Goldsworthy’s extensive book is broken into fourteen chapters as well as an introduction and conclusion. Chapters 1-6 comprise Part One of the work, which focuses on the establishment of Roman strength and hegemony under the Republic. These chapters explore the relationship and diplomacy between Rome and her Italian Allies (Chapter 1 and 3); the motivations of the Roman military (Chapter 2); individual Roman action in the provinces (Chapter 4-5); and the Romans’ noncommittal interactions with the Greek East (Chapter 6). Goldsworthy cautions his readers to avoid the mistake of viewing this process of Roman expansion with the benefit of hindsight. The Roman Senate typically acted on a pragmatic ad hoc basis and Gallic noblemen competed for rank long before Caesar arrived.
Part Two of Goldsworthy’s monograph analyses Roman hegemony throughout the Mediterranean under the Empire. These chapters explore local politics under the Augustan Peace (Chapter 7); resistance towards Roman rule in the provinces (Chapter 8); the presence of banditry throughout the Empire (Chapter 9); apathy and corruption among governors and emperors (Chapter 10); the social stability that accompanied Roman control of the provinces (Chapter 11); the autonomy and strategic deployment of Roman soldiers in the provinces (Chapter 12); the static and dynamic Roman responses to raids along the frontier (Chapter 13); and the desire of those both within and beyond the provinces to become and remain Roman for centuries to come due to the benefits of the Pax Romana (Chapter 14).
Goldsworthy’s book is a strong addition to the field of Roman imperialism for both scholars and popular readers alike. As with many of his other monographs, Pax Romana remains fairly accessible to the general reader with an interest in Roman military and imperial history, despite being over 400 pages in length and demonstrating his points with extreme detail. These readers will be helped by Goldsworthy’s chronology and glossary in the back of the book as well as his clear and enjoyable prose. Roman historians will also find much of value in this monograph by taking full advantage of Goldsworthy’s endnotes and the many historiographical debates that are intertwined within his chapters. The scope of Pax Romana is ambitious, exploring the political, social, military, geographical, and diplomatic aspects of Rome’s lengthy domination of the Mediterranean, but Goldsworthy delivers, adding considerably to our understanding of the nature and benefits of Roman rule. Perhaps most impressively, Goldsworthy’s greatest success lies in his even-handed ability to convincingly highlight the many positive consequences of the Pax Romana without excusing or justifying the brutality and violence that ultimately allowed this complex Roman peace to exist.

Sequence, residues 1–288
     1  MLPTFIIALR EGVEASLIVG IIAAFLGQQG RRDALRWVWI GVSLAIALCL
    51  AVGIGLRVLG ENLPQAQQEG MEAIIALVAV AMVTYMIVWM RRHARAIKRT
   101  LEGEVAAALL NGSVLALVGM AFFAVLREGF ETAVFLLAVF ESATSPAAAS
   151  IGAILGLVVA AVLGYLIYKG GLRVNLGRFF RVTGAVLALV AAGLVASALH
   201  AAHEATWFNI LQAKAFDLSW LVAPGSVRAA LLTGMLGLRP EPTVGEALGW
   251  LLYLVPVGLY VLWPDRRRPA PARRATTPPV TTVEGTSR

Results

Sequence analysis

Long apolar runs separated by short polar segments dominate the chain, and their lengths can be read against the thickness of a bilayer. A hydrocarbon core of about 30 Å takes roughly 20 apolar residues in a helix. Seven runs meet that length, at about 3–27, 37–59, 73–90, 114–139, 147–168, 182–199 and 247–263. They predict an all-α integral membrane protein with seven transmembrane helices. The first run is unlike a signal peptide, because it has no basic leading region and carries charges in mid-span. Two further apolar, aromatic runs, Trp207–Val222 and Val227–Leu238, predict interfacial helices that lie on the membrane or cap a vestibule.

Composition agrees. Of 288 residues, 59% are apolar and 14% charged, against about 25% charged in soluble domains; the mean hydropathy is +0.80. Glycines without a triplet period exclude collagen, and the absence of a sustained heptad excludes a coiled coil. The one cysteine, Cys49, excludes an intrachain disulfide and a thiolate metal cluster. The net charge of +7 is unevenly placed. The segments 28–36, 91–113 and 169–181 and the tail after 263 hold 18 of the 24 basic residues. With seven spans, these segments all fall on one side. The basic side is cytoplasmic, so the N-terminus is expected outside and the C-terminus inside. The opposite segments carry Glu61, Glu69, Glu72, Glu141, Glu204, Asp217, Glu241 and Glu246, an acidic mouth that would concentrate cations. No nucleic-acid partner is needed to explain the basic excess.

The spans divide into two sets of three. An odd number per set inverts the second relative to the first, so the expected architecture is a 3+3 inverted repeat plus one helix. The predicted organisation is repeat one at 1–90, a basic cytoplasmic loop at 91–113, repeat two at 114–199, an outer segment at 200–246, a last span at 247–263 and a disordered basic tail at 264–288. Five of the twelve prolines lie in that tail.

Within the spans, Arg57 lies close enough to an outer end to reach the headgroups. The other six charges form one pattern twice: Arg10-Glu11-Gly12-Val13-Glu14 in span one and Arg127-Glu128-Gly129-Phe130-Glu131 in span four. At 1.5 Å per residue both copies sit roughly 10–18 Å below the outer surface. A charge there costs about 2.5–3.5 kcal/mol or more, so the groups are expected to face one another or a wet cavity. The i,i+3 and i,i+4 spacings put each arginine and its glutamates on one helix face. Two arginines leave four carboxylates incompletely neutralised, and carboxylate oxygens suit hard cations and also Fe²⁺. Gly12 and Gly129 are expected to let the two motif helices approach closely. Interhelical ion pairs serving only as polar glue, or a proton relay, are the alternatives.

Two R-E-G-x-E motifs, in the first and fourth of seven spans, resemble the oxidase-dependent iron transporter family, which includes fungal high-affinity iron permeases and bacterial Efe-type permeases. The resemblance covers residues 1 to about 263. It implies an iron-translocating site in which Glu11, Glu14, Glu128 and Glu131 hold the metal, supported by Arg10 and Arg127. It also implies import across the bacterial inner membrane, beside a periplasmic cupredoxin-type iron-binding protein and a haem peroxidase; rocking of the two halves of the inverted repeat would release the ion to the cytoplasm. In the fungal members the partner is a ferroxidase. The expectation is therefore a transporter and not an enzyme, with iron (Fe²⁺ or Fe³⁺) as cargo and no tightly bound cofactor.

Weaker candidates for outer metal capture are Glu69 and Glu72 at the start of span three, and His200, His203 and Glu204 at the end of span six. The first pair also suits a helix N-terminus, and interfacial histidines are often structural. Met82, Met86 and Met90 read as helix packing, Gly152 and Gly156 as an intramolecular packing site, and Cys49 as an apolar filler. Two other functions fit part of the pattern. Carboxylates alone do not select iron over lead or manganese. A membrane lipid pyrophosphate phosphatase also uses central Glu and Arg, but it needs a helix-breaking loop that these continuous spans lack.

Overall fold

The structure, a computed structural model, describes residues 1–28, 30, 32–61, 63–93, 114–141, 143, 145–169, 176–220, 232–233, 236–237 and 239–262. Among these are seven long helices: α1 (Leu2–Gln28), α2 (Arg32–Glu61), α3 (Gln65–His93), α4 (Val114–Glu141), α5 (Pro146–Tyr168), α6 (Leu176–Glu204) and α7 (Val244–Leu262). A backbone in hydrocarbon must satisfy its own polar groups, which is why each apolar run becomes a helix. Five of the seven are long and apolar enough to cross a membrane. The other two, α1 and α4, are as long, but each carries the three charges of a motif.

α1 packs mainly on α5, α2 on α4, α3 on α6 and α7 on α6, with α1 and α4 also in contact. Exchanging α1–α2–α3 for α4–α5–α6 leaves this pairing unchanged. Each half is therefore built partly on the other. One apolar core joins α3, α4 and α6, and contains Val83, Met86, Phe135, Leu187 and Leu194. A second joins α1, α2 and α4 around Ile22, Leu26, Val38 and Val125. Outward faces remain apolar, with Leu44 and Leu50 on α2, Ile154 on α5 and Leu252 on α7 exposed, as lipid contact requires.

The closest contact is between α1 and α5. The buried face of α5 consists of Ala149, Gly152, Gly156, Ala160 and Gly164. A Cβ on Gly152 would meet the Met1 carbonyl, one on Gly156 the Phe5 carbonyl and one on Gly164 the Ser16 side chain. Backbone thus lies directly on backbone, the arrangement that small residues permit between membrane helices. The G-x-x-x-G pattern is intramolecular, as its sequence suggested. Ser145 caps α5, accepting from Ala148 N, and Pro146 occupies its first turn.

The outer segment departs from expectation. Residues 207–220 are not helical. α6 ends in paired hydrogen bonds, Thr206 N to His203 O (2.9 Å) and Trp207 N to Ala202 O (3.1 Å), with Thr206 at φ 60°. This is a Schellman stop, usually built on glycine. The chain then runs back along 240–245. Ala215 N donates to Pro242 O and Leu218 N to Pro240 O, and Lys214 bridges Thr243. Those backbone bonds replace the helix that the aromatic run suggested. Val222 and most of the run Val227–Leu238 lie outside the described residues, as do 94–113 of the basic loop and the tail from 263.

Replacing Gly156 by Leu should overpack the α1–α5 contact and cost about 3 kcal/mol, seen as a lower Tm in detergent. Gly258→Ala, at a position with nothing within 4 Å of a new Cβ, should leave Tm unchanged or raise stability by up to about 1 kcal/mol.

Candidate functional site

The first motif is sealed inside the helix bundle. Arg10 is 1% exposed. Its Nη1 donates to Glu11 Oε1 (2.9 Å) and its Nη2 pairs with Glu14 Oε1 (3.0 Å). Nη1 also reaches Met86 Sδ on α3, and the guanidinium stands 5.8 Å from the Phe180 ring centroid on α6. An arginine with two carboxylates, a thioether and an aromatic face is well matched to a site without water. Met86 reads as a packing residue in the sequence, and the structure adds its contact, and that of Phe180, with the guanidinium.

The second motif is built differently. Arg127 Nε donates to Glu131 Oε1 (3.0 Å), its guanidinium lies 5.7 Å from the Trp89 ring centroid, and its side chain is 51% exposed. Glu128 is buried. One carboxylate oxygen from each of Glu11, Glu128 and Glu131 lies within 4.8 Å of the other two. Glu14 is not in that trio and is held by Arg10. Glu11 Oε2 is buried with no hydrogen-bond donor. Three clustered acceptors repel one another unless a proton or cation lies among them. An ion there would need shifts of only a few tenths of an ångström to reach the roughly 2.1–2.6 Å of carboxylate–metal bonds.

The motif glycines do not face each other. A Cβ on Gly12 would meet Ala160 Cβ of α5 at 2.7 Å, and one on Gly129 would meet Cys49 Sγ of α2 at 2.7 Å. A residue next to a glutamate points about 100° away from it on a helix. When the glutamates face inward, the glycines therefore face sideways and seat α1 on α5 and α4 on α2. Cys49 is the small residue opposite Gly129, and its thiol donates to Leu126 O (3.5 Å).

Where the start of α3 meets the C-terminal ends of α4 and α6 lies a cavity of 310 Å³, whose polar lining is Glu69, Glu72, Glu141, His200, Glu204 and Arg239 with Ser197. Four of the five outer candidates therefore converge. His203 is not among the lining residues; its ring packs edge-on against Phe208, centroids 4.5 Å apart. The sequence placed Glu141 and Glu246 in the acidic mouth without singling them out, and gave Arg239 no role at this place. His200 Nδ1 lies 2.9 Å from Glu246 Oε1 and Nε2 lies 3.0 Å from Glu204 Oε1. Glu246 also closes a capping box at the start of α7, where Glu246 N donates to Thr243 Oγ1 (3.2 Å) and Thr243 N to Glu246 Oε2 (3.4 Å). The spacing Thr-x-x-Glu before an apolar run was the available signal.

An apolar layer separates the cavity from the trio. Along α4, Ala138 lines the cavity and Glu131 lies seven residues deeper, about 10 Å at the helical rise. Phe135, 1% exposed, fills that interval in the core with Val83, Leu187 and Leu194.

Jordan F. Slavik
University of Maryland, College Park
 Edward Gibbon, The Rise and Fall of the Roman Empire, Vol. 1 (New York: Penguin Classics, 1776/1996), 103.
 Greg Woolf, “Roman Peace,” in John Rich and Graham Shipley, War and Society in the Roman World (London: Routledge, 1993), 171-194: 189; Neil Faulkner, The Decline and Fall of Roman Britain (Stroud, UK: Tempus, 2004), 12; Neville Morley, The Roman Empire: Roots of Imperialism (New York: Pluto Press, 2010), 69.
 Adrion Goldsworthy, Pax Romana: War, Peace and Conquest in the Ancient World (New Haven, CT: Yale Univ. Press, 2016), 11.
 Arthur Eckstein, Mediterranean Anarchy, Interstate War, and the Rise of Rome (Berkeley: University of California Press, 2006).